The £58m investment marks the beginning of the third phase of £180m masterplan designed by Associated Architects. The project includes moving the current eight university campuses to two: the South Campus in Edgbaston and the City Centre Campus near Millennium Point.
The two-campus estates strategy includes a combination of new land acquisition, new build on existing university sites and a small amount of leased property.
Phase I of the University’s City Centre Campus expansion, which involved the construction of the Parkside Building was completed in September 2013. At the recent Insider West Midlands Property Awards, the project was given the 'Sustainability Award' and has also been shortlisted in the 2014 Civic Trust Awards and the Guardian University Awards 2014.
Phase II, which is expected to open in September 2015, will accommodate Birmingham City Business School, together with the Schools of English, Law and Social Sciences.
Phase III, scheduled for completion in September 2017, involves the joining of the School of Education with the Faculty of Health at City South, and will create a centre for the provision of public service contracts and professional development.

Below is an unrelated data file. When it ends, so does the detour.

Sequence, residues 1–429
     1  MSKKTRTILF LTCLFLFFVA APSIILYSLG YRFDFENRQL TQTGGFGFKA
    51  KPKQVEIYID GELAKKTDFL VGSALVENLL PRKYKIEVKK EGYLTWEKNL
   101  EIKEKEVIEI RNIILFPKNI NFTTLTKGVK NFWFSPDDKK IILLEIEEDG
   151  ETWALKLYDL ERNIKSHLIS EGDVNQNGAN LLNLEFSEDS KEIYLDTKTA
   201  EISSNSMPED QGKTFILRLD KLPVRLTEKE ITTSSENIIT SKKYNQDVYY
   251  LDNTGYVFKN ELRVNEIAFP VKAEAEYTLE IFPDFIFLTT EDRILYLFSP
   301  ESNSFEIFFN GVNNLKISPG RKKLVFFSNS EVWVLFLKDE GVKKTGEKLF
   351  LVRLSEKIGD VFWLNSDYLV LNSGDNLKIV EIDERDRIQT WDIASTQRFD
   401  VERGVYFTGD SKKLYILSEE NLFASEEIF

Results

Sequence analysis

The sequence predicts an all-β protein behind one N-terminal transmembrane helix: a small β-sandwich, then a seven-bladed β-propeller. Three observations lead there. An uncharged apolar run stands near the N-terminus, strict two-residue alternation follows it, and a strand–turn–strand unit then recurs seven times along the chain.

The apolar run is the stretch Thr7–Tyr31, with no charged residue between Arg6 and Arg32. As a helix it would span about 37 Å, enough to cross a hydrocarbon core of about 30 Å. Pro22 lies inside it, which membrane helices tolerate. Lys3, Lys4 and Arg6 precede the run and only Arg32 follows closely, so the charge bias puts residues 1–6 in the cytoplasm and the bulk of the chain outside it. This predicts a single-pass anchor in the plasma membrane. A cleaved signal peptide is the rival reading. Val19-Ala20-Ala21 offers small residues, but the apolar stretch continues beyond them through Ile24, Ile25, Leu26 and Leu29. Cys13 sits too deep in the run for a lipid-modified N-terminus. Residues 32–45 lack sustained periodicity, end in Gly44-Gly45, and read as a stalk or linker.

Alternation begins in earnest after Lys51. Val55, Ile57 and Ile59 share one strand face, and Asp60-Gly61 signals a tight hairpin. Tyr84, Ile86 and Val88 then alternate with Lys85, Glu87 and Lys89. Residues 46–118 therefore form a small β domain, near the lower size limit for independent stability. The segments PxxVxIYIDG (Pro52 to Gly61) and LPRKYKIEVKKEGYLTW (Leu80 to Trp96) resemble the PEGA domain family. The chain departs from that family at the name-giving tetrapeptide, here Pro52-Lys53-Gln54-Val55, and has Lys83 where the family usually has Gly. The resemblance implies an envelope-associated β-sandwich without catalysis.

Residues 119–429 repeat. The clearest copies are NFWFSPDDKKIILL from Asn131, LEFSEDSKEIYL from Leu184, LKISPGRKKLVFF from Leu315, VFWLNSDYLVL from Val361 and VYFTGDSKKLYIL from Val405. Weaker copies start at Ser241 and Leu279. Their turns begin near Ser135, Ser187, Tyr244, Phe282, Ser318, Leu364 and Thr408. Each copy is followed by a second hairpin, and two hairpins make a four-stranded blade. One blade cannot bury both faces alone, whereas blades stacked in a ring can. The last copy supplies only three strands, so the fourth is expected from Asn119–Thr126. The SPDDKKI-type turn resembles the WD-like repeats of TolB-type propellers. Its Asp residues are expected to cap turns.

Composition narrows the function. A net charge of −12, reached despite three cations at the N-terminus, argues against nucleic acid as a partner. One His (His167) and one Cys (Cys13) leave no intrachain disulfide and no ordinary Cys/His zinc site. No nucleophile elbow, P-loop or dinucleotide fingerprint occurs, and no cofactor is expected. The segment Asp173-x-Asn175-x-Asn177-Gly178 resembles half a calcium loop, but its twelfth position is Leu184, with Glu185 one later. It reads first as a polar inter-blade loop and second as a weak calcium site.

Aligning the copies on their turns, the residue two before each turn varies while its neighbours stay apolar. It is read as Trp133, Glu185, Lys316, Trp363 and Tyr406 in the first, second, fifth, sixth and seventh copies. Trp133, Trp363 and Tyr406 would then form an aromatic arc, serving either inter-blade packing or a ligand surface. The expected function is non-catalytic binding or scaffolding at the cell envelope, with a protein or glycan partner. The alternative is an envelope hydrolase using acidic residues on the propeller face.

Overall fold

Upon approval from authorities, the Birmingham City University will relocate all teaching and learning, research and business engagement services, student support and professional services to its City South Campus in Edgbaston and the City Centre Campus within Eastside and near Millennium Point since theses campus sites will have the new purpose-built facilities.
Vice-Chancellor, Professor Cliff Allan, said: “Positioning the university at the heart of the city will enable us to capitalise on connections and better engage with local and national business so we can continue our focus on professional and practice-based courses and development to attract students to the city and retain highly-skilled graduates in the region.
“The significant amount of new build on both sites will enable us to create best practice facilities and an environment which embraces new technology and the innovative methods of teaching and learning required by today’s students and business partners.”
According to Professor Allan, the current plans provide the most cost-effective and practical solutions to future proof the University, and with the provision of new facilities the University will be in a better position to adapt quickly to the volatile nature of Higher Education.
“The realisation of a two-campus strategy with closer alignment of University-wide academic delivery and professional services support will achieve a more integrated and efficient service to students, staff and other local stakeholders,” he said.
“The co-location of academic delivery and support services will allow us to become more business and city-facing, to develop more research space for students, visiting scholars and our own staff. Focusing provision on two major campuses will improve the student experience by creating a strong sense of community and a seamless and consistent level of support services, such as welfare, social, library, IT and specialist studios and workshops, that is not possible currently on all campuses.”
Photo: Architects Journal